Describe the different types of bank accounts available in the local community. Cheque (current) accounts and savings accounts are perhaps the most frequently used banking services. Other account options are also available, such as xed deposit accounts. Current (cheque) account A person can deposit (put in) money into a current account and withdraw (take out) the amounts needed by writing cheques from a chequebook provided by the bank. Usually there is no charge for withdrawing money, as long as there is sufcient money in the account. The bank may also give us a magnetic card, which may be used at that banks money-distributing machines. Usually banks do not pay interest on money deposited in current or cheque accounts. Money in a current account may be used to pay the day-to-day costs of running our business. Savings account A savings account is for keeping money that we will not need to use on a day-to-day basis. The money in a savings account earns interest. That means the bank pays us some money for leaving our money in the account. We can have both kinds of accounts at any time. When we open a bank account, we must be sure to keep a record of the amounts of money we deposit (put into) the account and the amounts we withdraw (take out of it). If we have a bank account for our business, it must be a separate account from our personal or family account [trick question in participants workbook!]. The bank will send us a statement regularly. This lists the amounts of money that have been deposited and the amounts that have been withdrawn. It tells us how much money we have in the account on the day the statement was written. We should check that our own accounts match the banks statement. Our community post ofce may also provide similar nancial services to our bank.


Unit 7
Discuss: Is starting a bank account possible in our community? How would we go about opening a bank account?


Unit 8
Keeping track of my money
It is important to keep records of all the money earned and all the money spent. The things we need for keeping good records are: a receipt book, for recording each transaction in which the business receives money an expense book, for recording money spent a cashbook, for recording all the money transactions, both amounts received by the business and amounts paid out by the business. To ensure that our documents are kept safely and methodically, we should have a ling system. Each type of document should be kept in a separate le (for example, copies of receipts in one le, orders in another le), in alphabetical order. This will help us to nd the documents we need quickly and easily. Show participants examples of a cashbook, a receipt book and a ling system.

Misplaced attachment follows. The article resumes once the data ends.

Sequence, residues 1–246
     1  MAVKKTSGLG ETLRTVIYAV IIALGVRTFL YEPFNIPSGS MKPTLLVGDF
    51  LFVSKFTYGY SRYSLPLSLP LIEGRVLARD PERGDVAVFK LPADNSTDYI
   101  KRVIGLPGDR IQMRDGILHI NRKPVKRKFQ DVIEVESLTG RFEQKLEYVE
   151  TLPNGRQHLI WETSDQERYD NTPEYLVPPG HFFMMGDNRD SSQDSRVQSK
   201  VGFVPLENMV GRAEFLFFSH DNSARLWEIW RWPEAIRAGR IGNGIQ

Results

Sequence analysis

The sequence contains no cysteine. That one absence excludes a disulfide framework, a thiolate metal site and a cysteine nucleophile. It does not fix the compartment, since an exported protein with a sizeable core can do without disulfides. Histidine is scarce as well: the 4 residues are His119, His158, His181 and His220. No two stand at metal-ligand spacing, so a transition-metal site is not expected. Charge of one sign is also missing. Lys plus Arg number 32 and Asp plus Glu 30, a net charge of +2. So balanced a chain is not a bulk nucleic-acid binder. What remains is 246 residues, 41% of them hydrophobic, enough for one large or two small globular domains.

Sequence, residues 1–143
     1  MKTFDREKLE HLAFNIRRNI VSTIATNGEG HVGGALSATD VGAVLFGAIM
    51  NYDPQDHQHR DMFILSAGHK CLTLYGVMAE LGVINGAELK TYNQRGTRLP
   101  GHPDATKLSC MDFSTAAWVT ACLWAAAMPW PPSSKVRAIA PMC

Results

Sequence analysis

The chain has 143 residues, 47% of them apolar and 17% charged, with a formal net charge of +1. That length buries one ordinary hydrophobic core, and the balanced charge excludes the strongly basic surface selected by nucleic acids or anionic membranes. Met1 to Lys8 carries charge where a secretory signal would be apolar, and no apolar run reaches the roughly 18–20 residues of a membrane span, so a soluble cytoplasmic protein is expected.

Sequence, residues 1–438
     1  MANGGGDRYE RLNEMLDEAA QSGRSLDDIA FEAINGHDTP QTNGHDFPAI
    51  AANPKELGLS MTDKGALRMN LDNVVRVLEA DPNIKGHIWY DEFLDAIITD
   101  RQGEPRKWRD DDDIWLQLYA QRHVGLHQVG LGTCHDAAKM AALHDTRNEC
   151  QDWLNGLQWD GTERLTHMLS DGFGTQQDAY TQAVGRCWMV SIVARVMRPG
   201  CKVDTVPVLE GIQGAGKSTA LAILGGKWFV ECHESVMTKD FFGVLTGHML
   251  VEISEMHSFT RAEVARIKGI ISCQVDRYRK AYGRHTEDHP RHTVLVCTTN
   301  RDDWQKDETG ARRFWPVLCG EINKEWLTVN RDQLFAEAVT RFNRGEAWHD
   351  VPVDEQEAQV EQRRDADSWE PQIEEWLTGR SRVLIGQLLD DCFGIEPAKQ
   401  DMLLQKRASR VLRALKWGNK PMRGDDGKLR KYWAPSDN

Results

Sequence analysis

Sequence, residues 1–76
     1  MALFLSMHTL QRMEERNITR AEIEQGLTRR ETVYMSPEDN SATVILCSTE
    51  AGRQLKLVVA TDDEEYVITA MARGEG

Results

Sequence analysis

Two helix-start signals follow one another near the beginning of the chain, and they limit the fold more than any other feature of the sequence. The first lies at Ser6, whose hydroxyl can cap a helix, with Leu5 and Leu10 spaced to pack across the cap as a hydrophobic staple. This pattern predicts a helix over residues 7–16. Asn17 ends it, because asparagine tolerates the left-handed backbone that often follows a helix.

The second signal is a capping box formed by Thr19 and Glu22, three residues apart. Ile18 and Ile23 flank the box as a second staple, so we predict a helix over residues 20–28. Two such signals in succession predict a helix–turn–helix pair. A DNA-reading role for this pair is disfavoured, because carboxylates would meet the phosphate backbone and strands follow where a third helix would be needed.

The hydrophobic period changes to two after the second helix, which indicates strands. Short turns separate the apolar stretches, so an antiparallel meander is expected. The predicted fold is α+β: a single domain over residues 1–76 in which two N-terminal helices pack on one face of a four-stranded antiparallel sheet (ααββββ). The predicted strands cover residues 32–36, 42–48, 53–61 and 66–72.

Unit 9
Communicating with my customers and business partners
Communicating clearly with customers and business partners is extremely important for the success of our business. A successful entrepreneur is: enthusiastic cheerful polite helpful, etc. To build a successful business, we will need to convey the following to our customers: I am honest Being frank about our product or service can help build clients trust and condence in us. This means that we should not give the client an incorrect impression of our product. Being honest in general may also help us to buy materials or services at a reasonable price from our business partners. I have a tidy appearance Looking clean and tidy will show that we are careful people and careful about the things we make or do. I am courteous Always be polite and friendly even if a customer seems rude or does not buy anything. I listen to my customers Listen carefully and we may nd out what a person would really like to buy, or how much money they wish to spend. This may help us to suggest an alternative if they do not nd what they want. Divide participants into two small groups. Ask one group to play the role of the customer, and the other the role of the service provider in the business of their choosing. Each member of the group should take turns at being the spokesperson, while the rest of the group generates ideas. Commend innovativeness and tactfully point out shortcomings.


Unit 10
Making the best use of my time